Is it Worth it? Evaluating the Total Cost of Ownership to Go Paperless

paperlessPouring money into your credit union IT budget does not necessarily define success. While it means you are making strides at new services, improving efficiencies, or fixing longstanding network or security holes, it is usually not a cost that a credit union executive happily pays. Unless of course, it equates to a quick return on investment (ROI). Balancing costs with investments into your credit union management system is crucial, and the ability for a credit union to cut the Total Cost of Ownership (TCO) for a particular project is reliant upon improving efficiency - doing more with less.

In the article Paperless Productivity Making You Thankful to the Core, it was discussed how innovations such as eStatements, eReceipts, e-Signatures and more, available through internet banking, are not only a convenience for your members but great for paperless efficiency within your credit union. When your core system provides easy access to all documents associated with a member, indexed and easily recalled within the account, you have created a time savings tool for all involved...improving efficiency for both members and employees.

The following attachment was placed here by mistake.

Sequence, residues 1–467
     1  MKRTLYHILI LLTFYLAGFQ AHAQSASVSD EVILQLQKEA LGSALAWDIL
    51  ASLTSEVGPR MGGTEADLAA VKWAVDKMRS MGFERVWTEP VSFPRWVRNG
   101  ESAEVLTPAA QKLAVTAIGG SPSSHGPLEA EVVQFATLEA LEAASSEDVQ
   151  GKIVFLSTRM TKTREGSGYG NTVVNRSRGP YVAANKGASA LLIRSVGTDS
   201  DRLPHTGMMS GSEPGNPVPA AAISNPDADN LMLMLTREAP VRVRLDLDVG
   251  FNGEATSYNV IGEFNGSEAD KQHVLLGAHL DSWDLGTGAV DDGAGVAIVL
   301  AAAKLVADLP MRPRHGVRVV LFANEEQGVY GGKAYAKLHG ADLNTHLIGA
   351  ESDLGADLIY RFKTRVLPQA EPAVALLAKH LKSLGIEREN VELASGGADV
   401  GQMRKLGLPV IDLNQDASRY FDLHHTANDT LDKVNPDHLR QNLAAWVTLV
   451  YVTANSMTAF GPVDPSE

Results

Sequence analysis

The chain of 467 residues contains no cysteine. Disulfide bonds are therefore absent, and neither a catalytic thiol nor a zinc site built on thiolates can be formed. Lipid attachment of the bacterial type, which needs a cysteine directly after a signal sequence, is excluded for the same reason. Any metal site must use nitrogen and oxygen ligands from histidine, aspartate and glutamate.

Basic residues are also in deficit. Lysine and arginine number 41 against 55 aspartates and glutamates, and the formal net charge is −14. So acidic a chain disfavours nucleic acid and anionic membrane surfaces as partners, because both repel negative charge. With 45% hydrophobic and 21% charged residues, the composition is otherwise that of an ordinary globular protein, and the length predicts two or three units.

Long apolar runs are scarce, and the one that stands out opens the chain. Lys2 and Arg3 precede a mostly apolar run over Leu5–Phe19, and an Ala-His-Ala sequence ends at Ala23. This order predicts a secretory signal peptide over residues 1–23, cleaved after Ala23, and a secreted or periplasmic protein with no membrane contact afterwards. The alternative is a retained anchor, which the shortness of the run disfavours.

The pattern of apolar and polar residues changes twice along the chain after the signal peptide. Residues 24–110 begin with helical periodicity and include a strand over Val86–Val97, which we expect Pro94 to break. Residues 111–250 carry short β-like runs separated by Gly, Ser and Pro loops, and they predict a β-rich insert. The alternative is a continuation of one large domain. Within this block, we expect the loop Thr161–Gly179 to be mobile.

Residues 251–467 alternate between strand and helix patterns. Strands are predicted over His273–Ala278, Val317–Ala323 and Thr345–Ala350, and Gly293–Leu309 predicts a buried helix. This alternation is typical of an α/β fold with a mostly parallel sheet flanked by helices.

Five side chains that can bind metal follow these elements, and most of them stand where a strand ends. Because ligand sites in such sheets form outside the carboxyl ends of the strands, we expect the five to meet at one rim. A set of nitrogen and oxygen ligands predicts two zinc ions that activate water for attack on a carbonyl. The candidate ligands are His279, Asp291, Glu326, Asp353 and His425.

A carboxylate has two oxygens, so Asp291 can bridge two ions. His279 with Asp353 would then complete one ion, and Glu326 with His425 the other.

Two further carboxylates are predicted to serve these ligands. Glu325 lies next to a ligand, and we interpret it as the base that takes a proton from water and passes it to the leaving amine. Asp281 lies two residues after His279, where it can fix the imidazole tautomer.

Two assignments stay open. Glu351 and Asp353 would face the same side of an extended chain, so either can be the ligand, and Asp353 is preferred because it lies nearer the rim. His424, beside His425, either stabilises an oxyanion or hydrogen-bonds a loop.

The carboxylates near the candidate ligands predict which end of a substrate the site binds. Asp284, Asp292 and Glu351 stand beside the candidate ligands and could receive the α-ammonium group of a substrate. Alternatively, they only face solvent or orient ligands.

The biggest impact on ROI for going paperless is the speed of processing, especially in the lending space. At the beginning of this year, Forbes released a study, Believe It, E-Signatures Can Transform Your Business, in which they found the full-time equivalent (FTE) savings associated with the elimination of manual processes (form signatures, document handling, scanning, etc.), resulted in a 70 to 80 percent improvement in efficiencies. That's undeniably doing a lot more for a lot less.

Error reduction is another area where the TCO of going paperless becomes abundantly evident. The Forbes study found that e-Signature in financial transactions results in more than a 50% error reduction, making turnaround faster, not only improving efficiencies but providing better member services.

How does a credit union justify the initial cost of going paperless? Develop a budgetary road map of both scenarios: What you stand to gain in member satisfaction, new member growth, and improved operational efficiencies in various areas of your CU. Compare that to what you stand to lose: The risk of aggravating members with outdated technology, stagnant growth, and higher operational costs. The initial cost will seem minimal when you evaluate the risks.

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